Review: Closed Cities by Gregor Sailer


Book Reviews, Photobooks


Our world divides into places that are public and that are private. The former includes a few that are both at the same time - they are public places, yet they’re closed off. These are the forbidden zones, areas the public - who might, on the surface, actually own them - are not allowed to enter. The term “closed city” originated in the Soviet Union (see this page), and it is still in use there, in slightly different form. Closed cities exist all over the world, places that require special permission to enter. Access can be restricted for military and/or security reasons, the latter connected to industrial activities, to the presence of refugees, or simply to the presence of people wealthy enough to be able to afford having a whole area of their own. (more)

For his book Closed Cities, Gregor Sailer visited a few of these in Russia, Azerbaijan, Qatar, Chile, Algeria/Western Sahara and Argentina. For example, Mirny is a town founded in the 1950s. It is located next to a truly gigantic open mine, almost a mile wide, a hole so huge that it literally sucked in various helicopters. Mirny is Russia’s diamond capitol. The impressive mine aside, what does a place like that look like? Sailer provides an answer.

In contrast, there are also photographs of several refuge cities in the Western Sahara, an area unable to support life on its own. Fighting over a stretch of desert seems like an insanity, yet it has not prevented this from happening - a war going on for decades now. What does that area look like? Again, Sailer went there, with his camera, to photograph.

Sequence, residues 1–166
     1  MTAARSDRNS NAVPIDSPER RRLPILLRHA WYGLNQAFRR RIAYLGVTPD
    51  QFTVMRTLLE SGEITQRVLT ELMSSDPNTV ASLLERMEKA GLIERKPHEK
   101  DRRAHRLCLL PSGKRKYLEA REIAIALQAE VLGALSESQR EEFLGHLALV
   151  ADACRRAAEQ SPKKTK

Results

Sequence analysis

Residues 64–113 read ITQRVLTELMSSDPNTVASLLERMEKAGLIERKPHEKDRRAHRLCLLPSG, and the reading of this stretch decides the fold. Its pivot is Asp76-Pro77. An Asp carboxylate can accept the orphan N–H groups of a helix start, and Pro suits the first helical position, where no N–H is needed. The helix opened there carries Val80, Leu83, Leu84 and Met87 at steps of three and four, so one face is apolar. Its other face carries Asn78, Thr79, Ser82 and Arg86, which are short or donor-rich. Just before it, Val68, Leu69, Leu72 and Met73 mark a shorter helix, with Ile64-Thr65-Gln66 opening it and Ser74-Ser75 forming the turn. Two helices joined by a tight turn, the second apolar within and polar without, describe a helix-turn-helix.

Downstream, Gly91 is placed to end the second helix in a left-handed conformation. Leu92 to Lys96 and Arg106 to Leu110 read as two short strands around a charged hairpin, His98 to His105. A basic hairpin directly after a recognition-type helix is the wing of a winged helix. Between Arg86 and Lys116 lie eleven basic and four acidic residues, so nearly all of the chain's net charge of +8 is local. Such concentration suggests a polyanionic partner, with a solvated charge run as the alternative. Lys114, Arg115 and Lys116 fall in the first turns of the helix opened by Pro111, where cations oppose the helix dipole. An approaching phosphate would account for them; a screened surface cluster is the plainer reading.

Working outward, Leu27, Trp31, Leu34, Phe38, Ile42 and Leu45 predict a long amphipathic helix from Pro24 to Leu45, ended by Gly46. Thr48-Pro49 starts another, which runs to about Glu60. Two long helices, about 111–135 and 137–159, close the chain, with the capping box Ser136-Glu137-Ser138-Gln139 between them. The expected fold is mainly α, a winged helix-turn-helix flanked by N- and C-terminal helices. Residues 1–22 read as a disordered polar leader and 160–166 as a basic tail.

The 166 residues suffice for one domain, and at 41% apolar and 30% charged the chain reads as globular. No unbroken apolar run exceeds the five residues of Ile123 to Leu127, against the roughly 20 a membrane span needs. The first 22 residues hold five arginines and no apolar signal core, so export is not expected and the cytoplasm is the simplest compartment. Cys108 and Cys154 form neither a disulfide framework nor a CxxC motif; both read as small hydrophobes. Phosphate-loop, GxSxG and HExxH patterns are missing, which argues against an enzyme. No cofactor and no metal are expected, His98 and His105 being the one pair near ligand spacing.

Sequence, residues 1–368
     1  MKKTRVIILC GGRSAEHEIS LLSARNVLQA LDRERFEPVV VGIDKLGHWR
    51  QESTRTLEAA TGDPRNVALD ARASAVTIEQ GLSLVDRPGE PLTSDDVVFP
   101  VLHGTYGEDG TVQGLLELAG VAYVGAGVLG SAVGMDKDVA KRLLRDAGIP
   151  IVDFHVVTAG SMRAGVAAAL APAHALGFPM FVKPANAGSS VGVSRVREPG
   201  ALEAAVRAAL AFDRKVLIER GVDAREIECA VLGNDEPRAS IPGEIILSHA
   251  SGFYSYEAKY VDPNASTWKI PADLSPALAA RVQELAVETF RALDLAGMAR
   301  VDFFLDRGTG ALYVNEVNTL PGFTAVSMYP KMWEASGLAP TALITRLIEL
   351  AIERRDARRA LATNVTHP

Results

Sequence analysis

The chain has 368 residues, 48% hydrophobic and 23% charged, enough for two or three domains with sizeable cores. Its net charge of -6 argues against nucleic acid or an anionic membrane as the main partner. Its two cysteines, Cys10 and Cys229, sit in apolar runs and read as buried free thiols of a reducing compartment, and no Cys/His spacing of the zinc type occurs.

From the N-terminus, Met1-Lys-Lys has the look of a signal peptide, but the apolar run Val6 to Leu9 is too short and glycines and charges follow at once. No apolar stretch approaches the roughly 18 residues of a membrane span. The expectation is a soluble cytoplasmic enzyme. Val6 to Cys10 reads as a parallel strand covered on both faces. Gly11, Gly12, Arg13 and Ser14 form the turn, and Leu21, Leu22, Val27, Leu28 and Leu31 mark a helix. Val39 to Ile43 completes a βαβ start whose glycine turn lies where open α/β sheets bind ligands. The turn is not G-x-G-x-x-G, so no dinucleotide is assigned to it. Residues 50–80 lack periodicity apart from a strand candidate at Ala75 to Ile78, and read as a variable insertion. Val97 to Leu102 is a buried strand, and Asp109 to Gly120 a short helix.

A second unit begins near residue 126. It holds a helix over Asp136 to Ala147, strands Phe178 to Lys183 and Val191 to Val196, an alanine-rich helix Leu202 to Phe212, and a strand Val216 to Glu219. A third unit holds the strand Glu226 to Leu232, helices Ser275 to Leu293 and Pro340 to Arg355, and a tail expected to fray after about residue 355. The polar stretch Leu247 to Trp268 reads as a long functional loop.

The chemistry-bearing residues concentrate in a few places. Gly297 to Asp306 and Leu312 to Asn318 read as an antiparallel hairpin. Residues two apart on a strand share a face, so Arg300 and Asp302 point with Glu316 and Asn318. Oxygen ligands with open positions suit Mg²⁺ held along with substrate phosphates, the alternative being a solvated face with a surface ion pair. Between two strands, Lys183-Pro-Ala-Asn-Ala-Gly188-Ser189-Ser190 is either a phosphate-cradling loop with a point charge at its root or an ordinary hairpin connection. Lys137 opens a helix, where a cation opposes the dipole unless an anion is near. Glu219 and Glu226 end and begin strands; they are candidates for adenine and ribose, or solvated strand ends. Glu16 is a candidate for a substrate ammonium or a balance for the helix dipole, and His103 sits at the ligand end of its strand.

What is striking about all of these places is the sheer futility that lies underneath the various reasons used to cordon them off. Why fight over a stretch of desert? Why spend enormous resources extracting diamonds from the earth? There are “good” reasons for all of that, I’m sure. But start thinking about it, and things stop making sense. The reasons become irrational and utterly banal at the same time. And it’s that very banality Sailer’s photographs expose. The photographs are not banal, the places are.

I’m tempted to think that given that banality governments might actually be better off giving full visual access to hidden sights: Who would imagine anything interesting going on in a place that looks perfectly banal?

Closed Cities; photographs by Gregor Sailer; essays by Walter Moser, Margit Zuckriegel, Wencke Hertzsch; 300 pages; Kehrer Verlag; 2013